Communications of the Association for Information Systems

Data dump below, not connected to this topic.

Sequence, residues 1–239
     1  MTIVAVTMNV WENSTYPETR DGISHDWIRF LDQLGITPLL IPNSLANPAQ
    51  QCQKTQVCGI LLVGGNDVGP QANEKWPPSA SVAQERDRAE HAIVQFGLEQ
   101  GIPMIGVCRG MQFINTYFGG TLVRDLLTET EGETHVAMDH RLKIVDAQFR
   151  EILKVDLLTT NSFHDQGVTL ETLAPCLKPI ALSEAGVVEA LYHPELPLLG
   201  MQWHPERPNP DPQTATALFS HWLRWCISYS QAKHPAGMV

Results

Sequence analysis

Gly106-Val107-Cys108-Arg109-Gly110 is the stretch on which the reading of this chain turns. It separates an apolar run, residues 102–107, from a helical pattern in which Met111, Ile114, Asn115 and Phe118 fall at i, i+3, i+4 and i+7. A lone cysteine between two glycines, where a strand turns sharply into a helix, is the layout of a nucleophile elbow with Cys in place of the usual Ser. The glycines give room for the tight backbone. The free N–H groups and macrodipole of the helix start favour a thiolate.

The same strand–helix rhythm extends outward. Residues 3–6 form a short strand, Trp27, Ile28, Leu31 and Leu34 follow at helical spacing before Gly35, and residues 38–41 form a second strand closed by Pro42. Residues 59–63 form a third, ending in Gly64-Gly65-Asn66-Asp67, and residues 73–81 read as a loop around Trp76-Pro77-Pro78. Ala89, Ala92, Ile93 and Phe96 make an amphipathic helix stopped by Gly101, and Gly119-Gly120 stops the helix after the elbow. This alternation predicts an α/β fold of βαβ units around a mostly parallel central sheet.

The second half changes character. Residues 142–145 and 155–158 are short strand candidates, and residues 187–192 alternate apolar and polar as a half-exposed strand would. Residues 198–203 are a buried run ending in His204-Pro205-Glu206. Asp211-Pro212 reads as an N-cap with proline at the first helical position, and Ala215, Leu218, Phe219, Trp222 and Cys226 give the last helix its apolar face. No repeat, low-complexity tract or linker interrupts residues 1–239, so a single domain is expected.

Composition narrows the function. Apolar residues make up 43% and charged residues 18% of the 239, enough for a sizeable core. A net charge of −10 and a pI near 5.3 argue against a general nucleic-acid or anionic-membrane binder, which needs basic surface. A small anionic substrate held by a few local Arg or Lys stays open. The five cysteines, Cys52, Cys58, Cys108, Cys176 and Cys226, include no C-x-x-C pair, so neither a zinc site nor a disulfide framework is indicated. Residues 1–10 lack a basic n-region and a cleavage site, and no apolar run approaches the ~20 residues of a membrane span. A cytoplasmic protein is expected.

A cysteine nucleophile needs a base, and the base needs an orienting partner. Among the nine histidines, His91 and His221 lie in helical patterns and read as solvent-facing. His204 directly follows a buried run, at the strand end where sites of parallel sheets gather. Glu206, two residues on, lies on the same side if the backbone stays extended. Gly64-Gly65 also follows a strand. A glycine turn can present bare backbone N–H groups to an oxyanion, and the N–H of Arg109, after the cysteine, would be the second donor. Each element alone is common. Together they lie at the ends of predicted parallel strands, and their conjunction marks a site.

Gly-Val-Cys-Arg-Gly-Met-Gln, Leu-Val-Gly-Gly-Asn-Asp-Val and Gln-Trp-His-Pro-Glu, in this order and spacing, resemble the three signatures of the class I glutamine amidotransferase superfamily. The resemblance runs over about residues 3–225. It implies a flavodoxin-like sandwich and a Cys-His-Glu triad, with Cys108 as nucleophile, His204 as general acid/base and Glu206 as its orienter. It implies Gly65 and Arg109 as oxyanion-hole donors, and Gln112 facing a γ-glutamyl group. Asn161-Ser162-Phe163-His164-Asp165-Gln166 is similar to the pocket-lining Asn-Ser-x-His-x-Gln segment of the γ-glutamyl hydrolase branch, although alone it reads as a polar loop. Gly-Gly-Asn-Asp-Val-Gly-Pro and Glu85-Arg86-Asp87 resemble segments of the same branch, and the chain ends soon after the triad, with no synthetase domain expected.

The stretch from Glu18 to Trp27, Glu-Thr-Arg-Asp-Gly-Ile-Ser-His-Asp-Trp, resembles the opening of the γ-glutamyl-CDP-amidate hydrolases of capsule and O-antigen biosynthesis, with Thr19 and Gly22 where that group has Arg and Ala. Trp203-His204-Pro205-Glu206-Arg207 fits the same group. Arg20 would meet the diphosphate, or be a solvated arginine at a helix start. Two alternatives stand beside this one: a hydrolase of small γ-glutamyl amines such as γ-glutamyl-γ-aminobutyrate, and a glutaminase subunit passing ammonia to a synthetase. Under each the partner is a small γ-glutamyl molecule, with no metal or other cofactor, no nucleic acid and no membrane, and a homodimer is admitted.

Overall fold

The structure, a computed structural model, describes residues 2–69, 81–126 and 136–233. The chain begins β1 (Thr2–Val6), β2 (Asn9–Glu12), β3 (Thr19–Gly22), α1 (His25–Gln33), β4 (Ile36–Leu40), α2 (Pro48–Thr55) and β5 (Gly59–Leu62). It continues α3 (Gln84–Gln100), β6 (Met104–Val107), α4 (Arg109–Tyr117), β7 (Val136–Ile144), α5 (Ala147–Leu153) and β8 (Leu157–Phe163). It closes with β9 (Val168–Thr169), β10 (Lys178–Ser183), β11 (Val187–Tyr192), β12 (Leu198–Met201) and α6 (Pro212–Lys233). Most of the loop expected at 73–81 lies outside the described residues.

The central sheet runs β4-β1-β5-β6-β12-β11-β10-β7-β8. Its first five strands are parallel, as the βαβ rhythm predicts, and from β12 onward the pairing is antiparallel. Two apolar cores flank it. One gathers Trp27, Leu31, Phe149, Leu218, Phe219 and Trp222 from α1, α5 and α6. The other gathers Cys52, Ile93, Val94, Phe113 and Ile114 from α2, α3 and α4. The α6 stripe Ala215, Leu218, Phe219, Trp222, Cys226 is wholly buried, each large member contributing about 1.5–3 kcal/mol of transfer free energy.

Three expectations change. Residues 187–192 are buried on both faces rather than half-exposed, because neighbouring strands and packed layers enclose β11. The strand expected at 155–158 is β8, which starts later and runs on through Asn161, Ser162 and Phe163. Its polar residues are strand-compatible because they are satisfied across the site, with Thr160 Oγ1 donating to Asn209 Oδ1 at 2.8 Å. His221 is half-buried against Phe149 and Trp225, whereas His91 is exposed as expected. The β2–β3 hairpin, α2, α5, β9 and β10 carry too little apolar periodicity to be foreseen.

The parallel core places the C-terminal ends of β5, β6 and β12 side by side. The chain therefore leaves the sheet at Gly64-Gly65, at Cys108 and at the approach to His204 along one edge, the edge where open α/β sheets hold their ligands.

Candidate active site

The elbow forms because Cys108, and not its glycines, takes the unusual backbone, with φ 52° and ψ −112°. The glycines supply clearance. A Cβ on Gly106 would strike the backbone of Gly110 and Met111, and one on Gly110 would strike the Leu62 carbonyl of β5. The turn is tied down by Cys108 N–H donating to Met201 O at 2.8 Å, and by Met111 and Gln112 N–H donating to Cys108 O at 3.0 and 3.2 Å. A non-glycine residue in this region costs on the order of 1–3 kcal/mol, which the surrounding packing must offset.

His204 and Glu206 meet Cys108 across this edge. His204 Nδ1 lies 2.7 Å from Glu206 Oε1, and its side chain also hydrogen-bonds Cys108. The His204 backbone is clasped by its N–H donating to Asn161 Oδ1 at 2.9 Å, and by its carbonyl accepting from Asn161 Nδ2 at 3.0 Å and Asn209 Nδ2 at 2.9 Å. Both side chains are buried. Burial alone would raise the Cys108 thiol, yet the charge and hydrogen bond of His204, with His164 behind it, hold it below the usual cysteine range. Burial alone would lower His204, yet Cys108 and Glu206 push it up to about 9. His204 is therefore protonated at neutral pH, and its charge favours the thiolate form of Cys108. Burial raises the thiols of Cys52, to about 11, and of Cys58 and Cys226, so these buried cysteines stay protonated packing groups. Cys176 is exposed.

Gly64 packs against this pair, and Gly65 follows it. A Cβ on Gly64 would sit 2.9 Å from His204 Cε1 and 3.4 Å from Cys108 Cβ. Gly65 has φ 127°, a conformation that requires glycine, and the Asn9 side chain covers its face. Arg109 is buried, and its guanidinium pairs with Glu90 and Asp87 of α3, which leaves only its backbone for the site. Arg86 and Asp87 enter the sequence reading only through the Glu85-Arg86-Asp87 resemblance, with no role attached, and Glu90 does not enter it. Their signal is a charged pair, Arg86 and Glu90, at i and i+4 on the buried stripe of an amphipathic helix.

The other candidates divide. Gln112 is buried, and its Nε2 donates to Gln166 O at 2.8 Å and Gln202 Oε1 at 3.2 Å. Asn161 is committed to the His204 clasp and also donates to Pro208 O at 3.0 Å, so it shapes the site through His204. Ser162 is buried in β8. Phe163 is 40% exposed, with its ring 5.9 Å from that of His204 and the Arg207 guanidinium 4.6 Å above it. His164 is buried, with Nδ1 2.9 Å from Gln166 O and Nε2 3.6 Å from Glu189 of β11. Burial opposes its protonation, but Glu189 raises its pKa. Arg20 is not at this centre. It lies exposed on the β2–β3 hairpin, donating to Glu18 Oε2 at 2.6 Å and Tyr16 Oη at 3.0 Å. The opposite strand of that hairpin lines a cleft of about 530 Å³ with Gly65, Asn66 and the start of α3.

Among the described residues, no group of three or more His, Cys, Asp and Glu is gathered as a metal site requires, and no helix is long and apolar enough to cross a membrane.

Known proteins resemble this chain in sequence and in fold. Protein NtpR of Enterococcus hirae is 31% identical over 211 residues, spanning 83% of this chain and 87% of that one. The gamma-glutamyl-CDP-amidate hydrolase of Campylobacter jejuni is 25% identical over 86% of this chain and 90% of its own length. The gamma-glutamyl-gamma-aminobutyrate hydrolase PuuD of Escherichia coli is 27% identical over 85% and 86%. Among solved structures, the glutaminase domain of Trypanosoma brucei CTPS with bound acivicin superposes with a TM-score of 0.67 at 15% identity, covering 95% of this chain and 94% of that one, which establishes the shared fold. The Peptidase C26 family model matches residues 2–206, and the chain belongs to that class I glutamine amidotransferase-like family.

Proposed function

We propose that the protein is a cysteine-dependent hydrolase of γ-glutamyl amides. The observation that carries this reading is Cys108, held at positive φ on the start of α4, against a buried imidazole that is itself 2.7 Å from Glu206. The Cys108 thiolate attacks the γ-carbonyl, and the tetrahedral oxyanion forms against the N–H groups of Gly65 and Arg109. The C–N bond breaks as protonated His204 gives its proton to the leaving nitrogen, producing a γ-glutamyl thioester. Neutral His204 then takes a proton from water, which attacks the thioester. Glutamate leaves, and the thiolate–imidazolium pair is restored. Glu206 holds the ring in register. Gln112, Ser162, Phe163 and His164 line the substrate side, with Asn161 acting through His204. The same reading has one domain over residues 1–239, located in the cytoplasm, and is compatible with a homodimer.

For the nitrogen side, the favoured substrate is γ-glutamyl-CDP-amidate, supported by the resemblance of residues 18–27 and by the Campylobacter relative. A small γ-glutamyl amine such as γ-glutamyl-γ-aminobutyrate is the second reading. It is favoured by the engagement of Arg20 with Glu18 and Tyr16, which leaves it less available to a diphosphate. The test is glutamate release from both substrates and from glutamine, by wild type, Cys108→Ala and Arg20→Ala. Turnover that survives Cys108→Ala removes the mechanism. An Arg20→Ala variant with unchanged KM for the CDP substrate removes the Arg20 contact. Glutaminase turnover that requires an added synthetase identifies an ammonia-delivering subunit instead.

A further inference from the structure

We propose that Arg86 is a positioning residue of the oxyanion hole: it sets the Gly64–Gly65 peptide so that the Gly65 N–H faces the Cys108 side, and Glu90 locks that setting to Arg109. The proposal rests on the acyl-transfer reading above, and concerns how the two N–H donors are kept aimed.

With the increasing number and severity of security incidents and exploits, information technology (IT) vendors, security managers, and consumers have begun to place more emphasis on security. Yet, fixing the sheer volume of vulnerabilities remains a challenge as IT vendors race against attackers to evaluate system vulnerabilities, prioritize them, and issue security patches before cybercriminals can exploit them. In this study, we posit that IT vendors can prioritize which vulnerabilities they should patch first by assessing their exploitability risk. Accordingly, we identified the vulnerabilities that cybercriminals will most likely exploit using vulnerability-related attributes and vulnerability types. To do so, we employed survival analysis and tested our models using historical data of vulnerabilities and exploits between 2007 and 2016. Our results indicate that IT vendors benefit the most from fixing remotely exploitable vulnerabilities; non-complex vulnerabilities; vulnerabilities that require no authentication; and vulnerabilities that affect confidentiality, integrity, and availability components. Furthermore, our findings suggest that IT vendors can mitigate the risk of exploit-related attacks by remedying code-injection vulnerabilities, buffer-overflow vulnerabilities, and numeric-error vulnerabilities.